They found Lenny the Louse dead that Friday morning from two gunshot wounds to the chest. A neighbor heard a noise in the night, but she didn't call the cops until the next morning. She knew something was wrong when she went outside before breakfast and found her newspaper still lying wrapped in plastic on her lawn. Lenny, she said in her official statement, always stole her newspaper, read it, and returned it sans the plastic wrapping before she woke up. Until that morning she had always found it on the lawn, the first few pages soaked with morning dew.
"I never knew the important stuff that was going on in the world," she said. "The first three pages were always ruined. I had to watch the TV if I was gonna stay up on the current events, the cheapskate."
Lenny the Louse was born Leonard Dixon to a shoe salesman and a housewife, and by several odd turns of fate found himself in the hair business. By twenty-two he'd moved to Los Angeles and had started a business supplying prosthetic wigs to the local motion picture companies. He gained his nickname from his love of hair and for the way he clung to the industry like a parasite.
Really, it's misleading to say he loved hair. He loved the money, and he made quite a bit during his days in Hollywood. But hair love? No evidence ever supported this theory.
But his position did put him close to celebrities, and he, lived off their fame, style, and glitz for three decades.
Finally Lenny's less than virtuous ways caught up with him. One of the secrets to his fortune was the secret deal he’d struck with local morticians. Lenny was allowed access into several mortuaries' private chambers where makeup and hair artists prepared the deceased for viewing. Lenny would take the hair from viable candidates and have the artists replace it with a cheap imitation of synthetic fibers. He would then use the stolen hair to create the wigs he sold. The difference between the cost of the cheaper, synthetic wigs and the amount for which he sold his own ill-gotten booty he shared with the morticians. The portions he gave out, according to several insiders, were mere pennies on the dollar, however, and when the authorities uncovered the hair-smuggling ring, Lenny's old business partners turned on him like vipers. He was disgraced and forced out of business. With nothing left, he returned to his old hometown, now torn down in favor of a cheap, suburban imitation. The irony.
Life in the suburbs was not Hollywood, and for years Lenny suffered his existence, running a small wig shop in the only old part of town that remained standing after the renovations. His family lived hand to mouth for several years, and Lenny became an alcoholic. What little that was left over from his drinking binges he blew in Atlantic City casinos until he was banned from there as well.
On the morning of Thursday the 6th Lenny woke as normal and went to work. At work that day he sold an auburn prosthetic to a breast cancer victim and a cheap, Lorne Green Special to a fellow named Lou. That evening he closed up shop for the last time. One of the last people to see him alive was Cole, the owner of a nearby newsstand.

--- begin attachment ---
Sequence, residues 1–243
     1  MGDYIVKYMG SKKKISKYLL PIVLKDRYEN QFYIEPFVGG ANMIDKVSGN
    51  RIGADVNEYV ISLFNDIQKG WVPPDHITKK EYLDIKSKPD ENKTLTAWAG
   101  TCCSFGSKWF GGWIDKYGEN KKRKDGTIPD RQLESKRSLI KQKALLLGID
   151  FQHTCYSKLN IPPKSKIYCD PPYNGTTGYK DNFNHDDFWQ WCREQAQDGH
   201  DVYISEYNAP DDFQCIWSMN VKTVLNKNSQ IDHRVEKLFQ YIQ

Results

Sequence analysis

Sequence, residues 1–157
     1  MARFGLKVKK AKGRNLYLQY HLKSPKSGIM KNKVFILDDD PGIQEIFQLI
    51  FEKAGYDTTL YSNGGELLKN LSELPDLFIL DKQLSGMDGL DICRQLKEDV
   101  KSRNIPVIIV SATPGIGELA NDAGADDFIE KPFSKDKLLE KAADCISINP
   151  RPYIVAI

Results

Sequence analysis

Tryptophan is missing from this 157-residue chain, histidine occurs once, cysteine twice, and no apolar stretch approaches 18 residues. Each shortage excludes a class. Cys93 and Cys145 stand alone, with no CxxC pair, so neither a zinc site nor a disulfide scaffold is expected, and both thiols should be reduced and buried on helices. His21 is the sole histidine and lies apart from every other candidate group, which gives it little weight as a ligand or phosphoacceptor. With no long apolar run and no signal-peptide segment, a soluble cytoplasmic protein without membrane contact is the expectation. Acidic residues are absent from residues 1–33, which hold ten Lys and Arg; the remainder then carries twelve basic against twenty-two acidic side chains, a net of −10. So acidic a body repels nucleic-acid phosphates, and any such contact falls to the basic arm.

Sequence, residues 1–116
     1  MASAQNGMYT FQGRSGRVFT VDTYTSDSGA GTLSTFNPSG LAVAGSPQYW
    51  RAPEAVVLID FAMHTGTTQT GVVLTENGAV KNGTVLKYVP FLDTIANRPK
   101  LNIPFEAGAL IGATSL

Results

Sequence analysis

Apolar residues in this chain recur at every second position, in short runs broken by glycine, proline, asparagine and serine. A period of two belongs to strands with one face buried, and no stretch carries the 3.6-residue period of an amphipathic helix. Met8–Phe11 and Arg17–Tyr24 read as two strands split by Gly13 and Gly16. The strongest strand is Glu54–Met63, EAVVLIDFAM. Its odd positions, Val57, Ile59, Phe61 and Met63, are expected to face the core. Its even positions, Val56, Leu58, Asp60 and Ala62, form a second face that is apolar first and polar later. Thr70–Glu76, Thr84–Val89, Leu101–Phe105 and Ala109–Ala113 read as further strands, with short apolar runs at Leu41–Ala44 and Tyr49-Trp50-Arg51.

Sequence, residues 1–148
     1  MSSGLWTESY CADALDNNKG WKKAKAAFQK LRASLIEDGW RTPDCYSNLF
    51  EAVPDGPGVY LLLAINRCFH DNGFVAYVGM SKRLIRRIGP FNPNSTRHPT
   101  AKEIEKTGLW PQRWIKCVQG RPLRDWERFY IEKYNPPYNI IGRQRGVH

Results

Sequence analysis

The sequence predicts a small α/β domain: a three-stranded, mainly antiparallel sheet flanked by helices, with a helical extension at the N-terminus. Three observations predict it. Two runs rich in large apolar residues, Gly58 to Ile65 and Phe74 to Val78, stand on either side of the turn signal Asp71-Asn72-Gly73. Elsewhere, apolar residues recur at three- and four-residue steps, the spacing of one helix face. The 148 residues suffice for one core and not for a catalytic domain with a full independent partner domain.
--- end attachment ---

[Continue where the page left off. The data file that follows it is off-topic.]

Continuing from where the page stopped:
"'Lenny' I says to 'im," Cole told a reporter covering the crime for a local newspaper. "'Whaddya think about the Knicks at the Celtics tonight?' And he says to me, 'Aaahhh, what do I care? I don't got two nickels to put toward it anyway.' 'Yeah,' I says, 'but whaddya think?' 'Well, if I had to say so I'd put the Knicks down to beat the spread.' Then he paid me a quarter for a paper, but he forgot to take it with him, the paper. I felt bad for the guy, y'know? He had that drinkin' problem. Anyways, so I...uh, well you can't blame a guy for gettin' a little action now and then, right? So I found this guy I'd met through a church mixer, and he set me up with this bookie. I put down a bill on the Knicks and threw in Lenny's quarter, too. If we won I was gonna give him his cut for helpin’ me out. We won, if you can believe that, and that night Lenny got himself a bullet, or so I've heard. Poor bastard. Never had any real luck."
Another unfortunate side of Lenny's personality, or so his wife Camilla told police, was his propensity for violence.
"He only got violent when he was in his drink," she said, "but as the years went on that was more and more often."
Lenny came home angry and with gin on his breath. Over dinner he told Camilla about the wig he'd sold to the cancer victim.
"Pretty soon that bitch's tit is gonna fall off, and I ain't got no sympathy for her. It's what she gets, the whore. You're all whores." With that he proceeded to eat a pork chop.
Fate was a cruel thing when you consider Lenny the Louse. It seems that very day Camilla had been to the doctor complaining of soreness in her left breast. During an examination they'd found a lump.
"They were talking biopsy, and I know what that means," she told police. "That means Cancer, no two ways about it. They told me they weren't sure about that and not to get upset until they had the results, but I knew. I knew. And when he started talking about that poor woman I thought to myself all the times he'd hit me and all the times he'd wished bad things on me. And now this. It was too much. I snapped. So I went into our bedroom and found the pistol we kept for protection. Then I walked back into the dining room and shot him. I didn't say nothing. I just shot him. I hope he burns in Hell."
A funeral was held for Lenny the following Monday. No one showed up, not even the priest.
"L. Joseph Shosty lives in Texas with his wife and son. His work has appeared, or will appear, in Stupefying Stories, Aoife's Kiss, Title Goes Here, and Nasty Snipps II. Abattoir in the Aether, a novel set in the Space: 1889 roleplaying game universe, is out from Untreed Reads. Follow him at http://themadaccount.blogspot.com."